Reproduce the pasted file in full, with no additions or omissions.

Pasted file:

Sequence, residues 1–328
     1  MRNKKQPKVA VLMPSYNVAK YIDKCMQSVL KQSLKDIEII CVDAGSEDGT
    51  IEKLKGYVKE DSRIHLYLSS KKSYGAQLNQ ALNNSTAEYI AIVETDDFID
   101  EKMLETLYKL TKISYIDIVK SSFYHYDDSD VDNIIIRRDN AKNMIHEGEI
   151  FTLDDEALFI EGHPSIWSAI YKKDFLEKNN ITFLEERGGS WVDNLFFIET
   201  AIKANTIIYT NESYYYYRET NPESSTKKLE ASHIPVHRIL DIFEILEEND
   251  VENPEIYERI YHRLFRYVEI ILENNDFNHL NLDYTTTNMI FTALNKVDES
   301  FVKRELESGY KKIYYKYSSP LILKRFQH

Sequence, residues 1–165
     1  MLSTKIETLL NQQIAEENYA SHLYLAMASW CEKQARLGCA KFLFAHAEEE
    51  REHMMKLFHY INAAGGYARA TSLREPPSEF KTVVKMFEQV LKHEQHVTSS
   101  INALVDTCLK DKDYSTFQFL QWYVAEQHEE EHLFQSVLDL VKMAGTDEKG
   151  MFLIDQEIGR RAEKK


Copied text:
Sequence, residues 1–328
     1  MRNKKQPKVA VLMPSYNVAK YIDKCMQSVL KQSLKDIEII CVDAGSEDGT
    51  IEKLKGYVKE DSRIHLYLSS KKSYGAQLNQ ALNNSTAEYI AIVETDDFID
   101  EKMLETLYKL TKISYIDIVK SSFYHYDDSD VDNIIIRRDN AKNMIHEGEI
   151  FTLDDEALFI EGHPSIWSAI YKKDFLEKNN ITFLEERGGS WVDNLFFIET
   201  AIKANTIIYT NESYYYYRET NPESSTKKLE ASHIPVHRIL DIFEILEEND
   251  VENPEIYERI YHRLFRYVEI ILENNDFNHL NLDYTTTNMI FTALNKVDES
   301  FVKRELESGY KKIYYKYSSP LILKRFQH

Sequence, residues 1–165
     1  MLSTKIETLL NQQIAEENYA SHLYLAMASW CEKQARLGCA KFLFAHAEEE
    51  REHMMKLFHY INAAGGYARA TSLREPPSEF KTVVKMFEQV LKHEQHVTSS
   101  INALVDTCLK DKDYSTFQFL QWYVAEQHEE EHLFQSVLDL VKMAGTDEKG
   151  MFLIDQEIGR RAEKK